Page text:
On 9 March 2023, a solar power company was sentenced in the Hervey Bay Magistrates Court for breaching section 32 of the Work Health and Safety Act 2011 (Qld) (‘the Act’), having failed to comply with its primary health and safety duty pursuant to section 19(2) of the Act.
The defendant was engaged to install a solar hot water system at a two-storey home in Urangan Hervey Bay. This work required the installation of solar panels and a hot water system on the roof with the electrical and plumbing running down the outside of the house and into the existing system. To gain access to the roof, a 6.55m ladder was placed against a 5.8m wall and secured to the gutter.
On 16 September 2020, two of the defendant’s workers were at the house performing the work. One of the workers was on the roof conducting electrical work and the other was in the garden installing the ducting which would cover the electrical cables and plumbing.
The worker installing the ducting was working from near the top of the ladder and was in the process of placing the top cover on the ducting when he started to fall. The worker grabbed a nearby drainpipe in an attempt to catch himself, but the drainpipe gave way and he fell to the ground.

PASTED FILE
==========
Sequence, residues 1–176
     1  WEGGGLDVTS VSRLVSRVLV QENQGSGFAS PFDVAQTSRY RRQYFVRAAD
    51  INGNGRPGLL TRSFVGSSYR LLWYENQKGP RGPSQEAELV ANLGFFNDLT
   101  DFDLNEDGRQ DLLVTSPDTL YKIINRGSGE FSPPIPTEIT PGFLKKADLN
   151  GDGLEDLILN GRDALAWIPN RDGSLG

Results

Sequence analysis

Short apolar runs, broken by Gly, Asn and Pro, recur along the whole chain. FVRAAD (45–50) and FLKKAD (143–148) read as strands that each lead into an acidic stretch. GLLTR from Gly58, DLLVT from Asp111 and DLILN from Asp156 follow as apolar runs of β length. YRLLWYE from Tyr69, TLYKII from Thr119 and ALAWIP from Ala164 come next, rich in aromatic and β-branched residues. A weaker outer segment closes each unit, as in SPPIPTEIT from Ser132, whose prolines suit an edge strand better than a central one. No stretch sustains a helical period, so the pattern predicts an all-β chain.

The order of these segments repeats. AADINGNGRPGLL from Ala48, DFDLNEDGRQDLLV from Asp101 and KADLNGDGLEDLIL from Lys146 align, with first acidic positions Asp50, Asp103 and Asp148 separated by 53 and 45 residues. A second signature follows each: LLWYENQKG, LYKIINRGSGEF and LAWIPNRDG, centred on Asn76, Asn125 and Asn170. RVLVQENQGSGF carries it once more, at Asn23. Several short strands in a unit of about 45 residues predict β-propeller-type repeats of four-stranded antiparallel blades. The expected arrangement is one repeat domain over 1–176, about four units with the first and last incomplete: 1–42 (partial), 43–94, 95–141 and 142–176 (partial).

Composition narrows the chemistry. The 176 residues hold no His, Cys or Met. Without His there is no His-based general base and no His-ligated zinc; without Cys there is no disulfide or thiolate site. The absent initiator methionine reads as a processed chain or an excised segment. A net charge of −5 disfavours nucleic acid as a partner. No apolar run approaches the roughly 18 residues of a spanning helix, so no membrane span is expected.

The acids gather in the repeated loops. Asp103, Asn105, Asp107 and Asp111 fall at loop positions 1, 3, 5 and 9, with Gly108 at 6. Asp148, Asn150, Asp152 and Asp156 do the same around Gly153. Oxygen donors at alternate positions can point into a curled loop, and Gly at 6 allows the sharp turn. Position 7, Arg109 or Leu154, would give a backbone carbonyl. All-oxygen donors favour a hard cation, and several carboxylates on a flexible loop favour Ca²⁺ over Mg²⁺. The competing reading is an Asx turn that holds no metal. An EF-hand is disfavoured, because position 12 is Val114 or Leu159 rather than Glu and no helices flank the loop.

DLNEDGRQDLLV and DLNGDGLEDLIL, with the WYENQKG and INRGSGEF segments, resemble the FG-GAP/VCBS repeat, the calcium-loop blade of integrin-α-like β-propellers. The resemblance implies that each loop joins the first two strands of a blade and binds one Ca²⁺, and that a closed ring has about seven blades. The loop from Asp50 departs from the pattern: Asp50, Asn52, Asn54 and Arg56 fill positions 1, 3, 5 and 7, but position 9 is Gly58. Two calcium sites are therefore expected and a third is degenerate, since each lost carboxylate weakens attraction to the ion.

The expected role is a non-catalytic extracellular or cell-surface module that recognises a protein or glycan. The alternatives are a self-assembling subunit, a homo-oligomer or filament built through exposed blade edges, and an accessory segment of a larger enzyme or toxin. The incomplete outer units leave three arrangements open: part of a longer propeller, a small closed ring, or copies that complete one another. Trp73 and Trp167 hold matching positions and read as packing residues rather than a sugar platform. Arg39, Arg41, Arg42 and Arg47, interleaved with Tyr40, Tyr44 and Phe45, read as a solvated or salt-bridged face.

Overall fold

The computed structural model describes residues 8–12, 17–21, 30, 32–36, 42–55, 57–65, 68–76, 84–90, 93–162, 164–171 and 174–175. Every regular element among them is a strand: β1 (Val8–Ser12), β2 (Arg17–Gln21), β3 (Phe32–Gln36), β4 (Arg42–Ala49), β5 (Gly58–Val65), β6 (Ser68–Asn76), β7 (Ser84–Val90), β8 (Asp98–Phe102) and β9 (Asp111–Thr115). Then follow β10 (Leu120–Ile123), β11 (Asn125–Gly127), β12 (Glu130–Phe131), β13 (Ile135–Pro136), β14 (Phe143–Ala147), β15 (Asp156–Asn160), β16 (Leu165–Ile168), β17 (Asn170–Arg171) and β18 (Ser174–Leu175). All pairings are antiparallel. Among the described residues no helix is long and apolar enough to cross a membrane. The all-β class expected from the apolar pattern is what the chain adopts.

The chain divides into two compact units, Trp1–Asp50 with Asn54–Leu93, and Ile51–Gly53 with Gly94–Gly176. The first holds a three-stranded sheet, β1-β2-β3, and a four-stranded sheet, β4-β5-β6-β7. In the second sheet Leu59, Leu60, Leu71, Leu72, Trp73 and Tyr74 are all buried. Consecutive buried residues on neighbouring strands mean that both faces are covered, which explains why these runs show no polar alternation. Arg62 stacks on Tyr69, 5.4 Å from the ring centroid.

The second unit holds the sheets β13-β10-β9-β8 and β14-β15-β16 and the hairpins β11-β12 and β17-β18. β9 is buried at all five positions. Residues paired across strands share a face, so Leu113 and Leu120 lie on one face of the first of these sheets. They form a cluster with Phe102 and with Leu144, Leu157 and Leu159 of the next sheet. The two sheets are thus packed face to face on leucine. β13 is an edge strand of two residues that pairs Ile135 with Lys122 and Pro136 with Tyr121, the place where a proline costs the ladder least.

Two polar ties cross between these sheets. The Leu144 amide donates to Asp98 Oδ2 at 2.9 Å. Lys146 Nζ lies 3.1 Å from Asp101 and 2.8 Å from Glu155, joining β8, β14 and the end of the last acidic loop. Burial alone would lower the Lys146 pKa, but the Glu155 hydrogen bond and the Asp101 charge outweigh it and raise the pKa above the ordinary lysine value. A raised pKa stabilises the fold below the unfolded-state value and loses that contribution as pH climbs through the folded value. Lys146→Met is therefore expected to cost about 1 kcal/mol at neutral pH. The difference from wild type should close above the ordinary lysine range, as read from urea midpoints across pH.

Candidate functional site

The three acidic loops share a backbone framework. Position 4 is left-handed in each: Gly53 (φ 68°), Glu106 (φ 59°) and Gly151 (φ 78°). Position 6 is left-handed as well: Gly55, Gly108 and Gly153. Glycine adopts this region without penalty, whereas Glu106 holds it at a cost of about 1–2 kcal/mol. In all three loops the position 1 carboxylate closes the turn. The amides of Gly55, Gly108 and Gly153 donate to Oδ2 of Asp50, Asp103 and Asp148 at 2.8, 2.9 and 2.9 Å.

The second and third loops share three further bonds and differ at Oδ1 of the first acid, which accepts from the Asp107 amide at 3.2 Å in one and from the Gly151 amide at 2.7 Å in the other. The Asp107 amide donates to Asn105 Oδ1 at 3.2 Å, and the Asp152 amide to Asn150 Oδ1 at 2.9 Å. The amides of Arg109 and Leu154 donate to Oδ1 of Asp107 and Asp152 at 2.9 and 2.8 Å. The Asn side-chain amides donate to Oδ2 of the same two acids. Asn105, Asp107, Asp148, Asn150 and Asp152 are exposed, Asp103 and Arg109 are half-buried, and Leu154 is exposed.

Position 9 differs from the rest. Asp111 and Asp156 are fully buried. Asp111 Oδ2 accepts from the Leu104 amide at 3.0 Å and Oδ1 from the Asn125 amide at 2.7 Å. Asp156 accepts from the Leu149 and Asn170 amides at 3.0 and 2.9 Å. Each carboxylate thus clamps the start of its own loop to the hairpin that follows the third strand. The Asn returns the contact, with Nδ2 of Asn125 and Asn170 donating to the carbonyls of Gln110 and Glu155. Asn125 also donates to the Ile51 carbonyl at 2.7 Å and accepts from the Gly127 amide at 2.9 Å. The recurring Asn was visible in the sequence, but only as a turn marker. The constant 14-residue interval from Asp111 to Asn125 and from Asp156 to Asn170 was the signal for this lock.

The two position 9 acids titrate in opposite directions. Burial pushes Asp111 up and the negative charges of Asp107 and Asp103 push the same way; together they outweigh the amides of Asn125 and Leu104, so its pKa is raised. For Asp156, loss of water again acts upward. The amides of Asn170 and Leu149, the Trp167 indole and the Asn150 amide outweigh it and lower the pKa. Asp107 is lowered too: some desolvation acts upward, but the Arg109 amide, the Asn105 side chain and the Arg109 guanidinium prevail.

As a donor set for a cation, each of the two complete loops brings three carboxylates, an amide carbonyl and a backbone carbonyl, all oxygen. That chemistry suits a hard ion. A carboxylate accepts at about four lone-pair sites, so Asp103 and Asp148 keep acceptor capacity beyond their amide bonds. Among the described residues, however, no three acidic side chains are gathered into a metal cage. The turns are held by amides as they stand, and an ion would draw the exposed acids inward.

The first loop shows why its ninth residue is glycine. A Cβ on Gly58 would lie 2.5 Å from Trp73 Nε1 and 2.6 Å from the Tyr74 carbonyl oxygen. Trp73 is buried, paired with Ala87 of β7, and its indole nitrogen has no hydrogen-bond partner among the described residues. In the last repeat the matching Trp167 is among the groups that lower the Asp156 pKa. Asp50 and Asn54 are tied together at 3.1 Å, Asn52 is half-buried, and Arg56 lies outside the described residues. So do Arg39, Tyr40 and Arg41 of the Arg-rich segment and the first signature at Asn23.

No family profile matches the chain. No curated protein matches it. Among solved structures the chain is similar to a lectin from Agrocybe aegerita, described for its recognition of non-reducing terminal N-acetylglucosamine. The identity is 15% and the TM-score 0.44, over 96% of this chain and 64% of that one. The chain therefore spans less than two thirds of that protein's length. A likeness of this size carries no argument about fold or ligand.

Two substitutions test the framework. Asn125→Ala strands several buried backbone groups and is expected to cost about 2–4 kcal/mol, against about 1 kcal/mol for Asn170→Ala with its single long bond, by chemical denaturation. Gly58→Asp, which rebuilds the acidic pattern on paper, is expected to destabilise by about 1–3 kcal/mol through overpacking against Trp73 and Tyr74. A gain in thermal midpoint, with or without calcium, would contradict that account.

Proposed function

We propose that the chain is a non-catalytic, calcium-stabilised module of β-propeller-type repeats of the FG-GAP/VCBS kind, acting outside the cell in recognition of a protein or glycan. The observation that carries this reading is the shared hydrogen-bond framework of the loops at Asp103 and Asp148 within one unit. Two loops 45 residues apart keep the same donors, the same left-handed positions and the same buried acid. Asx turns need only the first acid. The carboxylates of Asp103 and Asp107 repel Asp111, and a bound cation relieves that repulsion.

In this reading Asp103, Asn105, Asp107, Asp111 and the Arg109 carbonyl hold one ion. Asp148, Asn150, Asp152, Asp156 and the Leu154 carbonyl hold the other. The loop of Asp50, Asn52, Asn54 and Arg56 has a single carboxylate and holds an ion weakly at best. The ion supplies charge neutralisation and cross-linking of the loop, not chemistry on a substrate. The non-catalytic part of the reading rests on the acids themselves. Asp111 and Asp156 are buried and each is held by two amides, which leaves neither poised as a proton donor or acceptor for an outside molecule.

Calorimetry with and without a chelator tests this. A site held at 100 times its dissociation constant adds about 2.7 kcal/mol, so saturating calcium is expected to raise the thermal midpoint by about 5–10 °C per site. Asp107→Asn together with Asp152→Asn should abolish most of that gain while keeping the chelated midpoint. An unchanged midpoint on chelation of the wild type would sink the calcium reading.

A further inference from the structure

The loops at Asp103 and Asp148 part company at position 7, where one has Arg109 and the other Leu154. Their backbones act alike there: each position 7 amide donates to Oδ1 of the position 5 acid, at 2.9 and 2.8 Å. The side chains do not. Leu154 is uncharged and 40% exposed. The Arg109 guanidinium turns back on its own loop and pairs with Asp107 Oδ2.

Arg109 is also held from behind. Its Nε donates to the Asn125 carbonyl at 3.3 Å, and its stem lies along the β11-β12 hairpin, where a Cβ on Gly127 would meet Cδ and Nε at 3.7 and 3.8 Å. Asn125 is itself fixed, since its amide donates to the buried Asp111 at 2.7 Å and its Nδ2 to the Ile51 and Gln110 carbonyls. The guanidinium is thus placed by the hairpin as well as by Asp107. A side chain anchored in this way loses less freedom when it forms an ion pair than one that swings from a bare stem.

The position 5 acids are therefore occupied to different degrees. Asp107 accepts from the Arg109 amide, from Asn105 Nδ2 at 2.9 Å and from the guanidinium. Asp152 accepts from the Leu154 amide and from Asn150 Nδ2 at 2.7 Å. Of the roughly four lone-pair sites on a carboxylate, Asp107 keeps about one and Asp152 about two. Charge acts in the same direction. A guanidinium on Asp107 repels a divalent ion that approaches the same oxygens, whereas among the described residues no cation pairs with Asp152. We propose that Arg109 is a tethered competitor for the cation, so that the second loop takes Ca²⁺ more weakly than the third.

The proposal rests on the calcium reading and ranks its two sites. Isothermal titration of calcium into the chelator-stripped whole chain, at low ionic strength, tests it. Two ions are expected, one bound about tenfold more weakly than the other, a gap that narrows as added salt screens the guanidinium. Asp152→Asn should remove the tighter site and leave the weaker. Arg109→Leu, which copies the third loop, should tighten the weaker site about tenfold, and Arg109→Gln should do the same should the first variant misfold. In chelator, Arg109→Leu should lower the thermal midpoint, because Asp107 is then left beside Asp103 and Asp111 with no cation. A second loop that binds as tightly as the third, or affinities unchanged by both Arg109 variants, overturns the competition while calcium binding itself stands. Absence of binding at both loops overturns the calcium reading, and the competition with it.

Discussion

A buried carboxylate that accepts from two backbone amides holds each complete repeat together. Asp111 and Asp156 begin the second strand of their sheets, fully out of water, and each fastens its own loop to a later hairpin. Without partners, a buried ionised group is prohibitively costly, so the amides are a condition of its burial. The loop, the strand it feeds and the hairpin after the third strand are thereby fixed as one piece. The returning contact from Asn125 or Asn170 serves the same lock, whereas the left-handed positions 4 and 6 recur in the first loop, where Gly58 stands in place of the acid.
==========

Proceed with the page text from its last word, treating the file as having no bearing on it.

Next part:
The worker suffered extensive injuries including a ‘burst’ or compression fracture to his L1 vertebra, causing him to lose sensation in his penis, testicles, and anus, requiring the use of a urinary catheter and manual evacuation of his bowel.
The defendant failed to manage the risk of workers falling from height, namely by failing to require that workers used fall arrest systems such as harnesses when working from ladders at a height above two metres.
In arriving at her sentence, Magistrate McGarvie had regard to the circumstances of the offending and the injuries suffered by the worker, noting that the facts of this matter were serious and troubling, and the injuries were extensive. Her Honour also took into account the purpose and provisions of the Act and the relevant portions of the Penalties and Sentences Act 1992 (Qld).
It was considered that general deterrence was of significant importance, to ensure that companies do not see incidents such as these as simply the cost of doing business and ensure that they are cognisant of the risks and understand the need to not expose their workers to such risks.
In mitigation, it was accepted that the defendant had entered an early guilty plea, had no prior convictions and had not been indifferent to the safety of its workers. Her Honour accepted that the defendant had previously complied with notices issued by Workplace Health and Safety Queensland and had engaged an external safety consultant to assist with the drafting of the safe work systems both before and after the incident.
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Section 32 and 19(2) of the Work Health and Safety Act 2011